It was a very challenging to try to devise a visual style. For example, Miloni’s family is wealthy, or wealthier than Rafi. But to tell her story, we’re doing things to make her world seem colder, blander, more ascetic. We made her house less attractive than Rafi’s hovel, which is warm and welcoming, with these touches like mirrors, a hatch for a door. It’s a more interesting space. That’s one of the reasons why we made Miloni’s house a set, because we knew that we needed to devise shots that would explain her and her family. That’s easy to do on a set. On an actual location it’s very hard to devise a shot—and hope that you can get it too, because there are so many factors that can go wrong.
Filmmaker: What you choose to include, and exclude, from the frame, how close to or far from the characters you are, that’s where your visual sensibility comes through.
Batra: That scene when they are in the park, where Rafi brings Miloni her photograph, it made a lot of sense to keep the camera far away from them. It’s essentially two shots that we are cutting between, and just a wide at the end when she’s left alone. There’s a lot of foreground, brush, trees behind them. We had skipped over some information, the audience is catching up with us, and if the camera’s in too close at that point, it would not allow the audience to process where we are in the story. Just watching them from afar, and seeing them in every shot together, sitting together, that’s important so the audience can understand the time and space. Sometimes you want to see all the characters in one shot. If you start cutting between them, the audience can lose track of the movie.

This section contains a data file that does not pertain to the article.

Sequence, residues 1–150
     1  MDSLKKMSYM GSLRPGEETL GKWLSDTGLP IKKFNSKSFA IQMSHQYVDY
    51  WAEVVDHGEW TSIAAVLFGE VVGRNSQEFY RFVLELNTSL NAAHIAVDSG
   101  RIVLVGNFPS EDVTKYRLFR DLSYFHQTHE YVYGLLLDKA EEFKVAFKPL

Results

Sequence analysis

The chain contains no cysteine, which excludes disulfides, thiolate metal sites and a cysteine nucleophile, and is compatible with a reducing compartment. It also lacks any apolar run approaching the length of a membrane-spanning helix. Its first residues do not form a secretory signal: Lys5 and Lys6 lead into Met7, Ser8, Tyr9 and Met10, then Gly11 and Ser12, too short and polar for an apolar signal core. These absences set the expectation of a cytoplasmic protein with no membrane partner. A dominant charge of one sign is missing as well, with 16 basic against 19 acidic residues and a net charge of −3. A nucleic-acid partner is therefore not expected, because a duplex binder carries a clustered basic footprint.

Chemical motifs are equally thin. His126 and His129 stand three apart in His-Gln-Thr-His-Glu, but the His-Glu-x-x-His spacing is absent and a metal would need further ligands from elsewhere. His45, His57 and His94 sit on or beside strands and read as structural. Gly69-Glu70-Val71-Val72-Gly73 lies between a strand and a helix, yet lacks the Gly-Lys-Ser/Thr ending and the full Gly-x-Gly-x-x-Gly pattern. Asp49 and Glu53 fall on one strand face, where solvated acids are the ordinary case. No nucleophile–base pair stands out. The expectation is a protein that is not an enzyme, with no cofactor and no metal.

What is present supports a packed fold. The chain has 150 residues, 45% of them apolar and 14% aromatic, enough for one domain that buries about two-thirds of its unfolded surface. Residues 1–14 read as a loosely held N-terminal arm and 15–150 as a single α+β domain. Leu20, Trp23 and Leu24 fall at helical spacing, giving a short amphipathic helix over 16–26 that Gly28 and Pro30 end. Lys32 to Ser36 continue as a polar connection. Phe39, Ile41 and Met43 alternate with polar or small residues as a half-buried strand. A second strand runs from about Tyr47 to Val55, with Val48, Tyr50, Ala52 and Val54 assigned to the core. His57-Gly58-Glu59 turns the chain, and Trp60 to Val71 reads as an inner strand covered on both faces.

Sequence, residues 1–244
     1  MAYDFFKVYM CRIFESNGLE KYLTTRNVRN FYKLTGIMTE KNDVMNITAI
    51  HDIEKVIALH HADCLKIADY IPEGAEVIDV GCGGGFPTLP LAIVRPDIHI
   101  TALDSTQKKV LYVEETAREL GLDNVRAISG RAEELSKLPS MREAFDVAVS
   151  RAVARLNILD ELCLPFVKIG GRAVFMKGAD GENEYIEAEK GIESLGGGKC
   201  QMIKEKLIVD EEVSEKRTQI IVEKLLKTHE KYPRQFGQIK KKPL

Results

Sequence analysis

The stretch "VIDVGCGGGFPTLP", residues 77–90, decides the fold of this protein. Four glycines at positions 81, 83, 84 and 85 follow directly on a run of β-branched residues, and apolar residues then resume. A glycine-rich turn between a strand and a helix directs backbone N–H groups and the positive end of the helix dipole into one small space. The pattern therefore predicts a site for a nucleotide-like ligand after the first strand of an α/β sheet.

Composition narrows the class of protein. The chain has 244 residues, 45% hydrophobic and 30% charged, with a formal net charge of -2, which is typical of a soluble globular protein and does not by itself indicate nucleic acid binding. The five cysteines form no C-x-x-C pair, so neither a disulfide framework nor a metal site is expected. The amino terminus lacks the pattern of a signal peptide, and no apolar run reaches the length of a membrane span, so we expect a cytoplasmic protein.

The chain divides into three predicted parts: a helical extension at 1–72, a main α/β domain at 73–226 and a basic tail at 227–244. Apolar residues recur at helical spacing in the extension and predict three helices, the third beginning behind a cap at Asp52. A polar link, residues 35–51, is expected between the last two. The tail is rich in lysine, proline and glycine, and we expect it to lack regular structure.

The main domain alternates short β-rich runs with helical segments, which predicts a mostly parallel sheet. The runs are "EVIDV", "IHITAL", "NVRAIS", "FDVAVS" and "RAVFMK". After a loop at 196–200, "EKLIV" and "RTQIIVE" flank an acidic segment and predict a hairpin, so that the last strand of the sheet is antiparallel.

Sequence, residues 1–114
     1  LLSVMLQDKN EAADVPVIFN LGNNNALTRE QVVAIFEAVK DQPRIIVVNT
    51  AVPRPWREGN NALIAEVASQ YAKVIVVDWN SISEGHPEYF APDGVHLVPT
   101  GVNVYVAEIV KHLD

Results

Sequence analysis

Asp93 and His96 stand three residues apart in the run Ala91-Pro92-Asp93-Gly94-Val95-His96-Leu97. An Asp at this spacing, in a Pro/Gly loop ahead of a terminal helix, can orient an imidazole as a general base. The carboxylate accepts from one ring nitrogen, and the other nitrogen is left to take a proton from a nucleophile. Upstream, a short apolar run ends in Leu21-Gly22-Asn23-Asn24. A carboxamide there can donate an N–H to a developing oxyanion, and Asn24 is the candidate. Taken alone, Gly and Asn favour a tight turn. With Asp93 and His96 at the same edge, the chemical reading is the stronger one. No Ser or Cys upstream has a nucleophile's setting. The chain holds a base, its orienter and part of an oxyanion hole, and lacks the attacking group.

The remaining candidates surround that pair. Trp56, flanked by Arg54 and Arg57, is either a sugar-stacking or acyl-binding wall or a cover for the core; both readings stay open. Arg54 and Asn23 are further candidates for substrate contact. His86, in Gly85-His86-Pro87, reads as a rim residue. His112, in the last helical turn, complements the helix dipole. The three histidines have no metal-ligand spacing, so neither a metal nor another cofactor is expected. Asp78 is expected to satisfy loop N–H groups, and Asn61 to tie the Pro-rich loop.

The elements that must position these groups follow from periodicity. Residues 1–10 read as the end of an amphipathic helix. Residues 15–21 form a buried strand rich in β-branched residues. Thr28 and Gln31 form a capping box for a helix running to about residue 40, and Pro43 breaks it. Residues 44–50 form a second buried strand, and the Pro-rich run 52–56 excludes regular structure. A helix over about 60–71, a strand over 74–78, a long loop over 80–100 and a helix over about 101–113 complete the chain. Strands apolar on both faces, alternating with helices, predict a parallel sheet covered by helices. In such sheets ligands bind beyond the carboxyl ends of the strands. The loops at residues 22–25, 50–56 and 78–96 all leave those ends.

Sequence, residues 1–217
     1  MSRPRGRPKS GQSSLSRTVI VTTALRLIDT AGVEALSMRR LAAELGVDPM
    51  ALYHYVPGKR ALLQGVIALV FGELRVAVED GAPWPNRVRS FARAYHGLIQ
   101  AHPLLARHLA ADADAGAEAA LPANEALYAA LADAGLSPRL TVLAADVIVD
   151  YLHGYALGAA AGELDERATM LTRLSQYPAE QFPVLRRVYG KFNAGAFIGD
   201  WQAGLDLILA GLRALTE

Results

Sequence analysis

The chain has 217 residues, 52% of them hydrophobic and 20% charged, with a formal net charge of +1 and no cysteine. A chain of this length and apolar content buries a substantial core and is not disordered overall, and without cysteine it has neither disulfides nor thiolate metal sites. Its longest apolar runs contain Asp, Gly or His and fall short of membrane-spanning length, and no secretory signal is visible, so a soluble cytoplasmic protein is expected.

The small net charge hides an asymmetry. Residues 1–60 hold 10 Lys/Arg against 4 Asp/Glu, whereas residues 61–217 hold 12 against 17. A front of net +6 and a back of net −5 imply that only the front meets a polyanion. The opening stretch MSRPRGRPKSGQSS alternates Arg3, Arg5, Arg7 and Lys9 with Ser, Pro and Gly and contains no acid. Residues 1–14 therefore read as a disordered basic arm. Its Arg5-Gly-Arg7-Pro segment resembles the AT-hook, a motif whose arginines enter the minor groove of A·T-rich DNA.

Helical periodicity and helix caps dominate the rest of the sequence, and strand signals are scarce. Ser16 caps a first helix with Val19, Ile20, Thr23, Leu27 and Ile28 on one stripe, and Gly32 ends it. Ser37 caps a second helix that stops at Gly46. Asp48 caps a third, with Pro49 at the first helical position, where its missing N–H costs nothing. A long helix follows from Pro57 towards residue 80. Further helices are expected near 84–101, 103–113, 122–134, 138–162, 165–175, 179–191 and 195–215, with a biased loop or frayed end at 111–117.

Filmmaker: You shoot scenes straight through, with a single camera?
Batra: Always shoot that way, even on Lunchbox. We don’t do pickups, it’s not fair to the actors.
Filmmaker: There’s a scene where Rafi and his friend walk through a market at night. It has an almost documentary feel.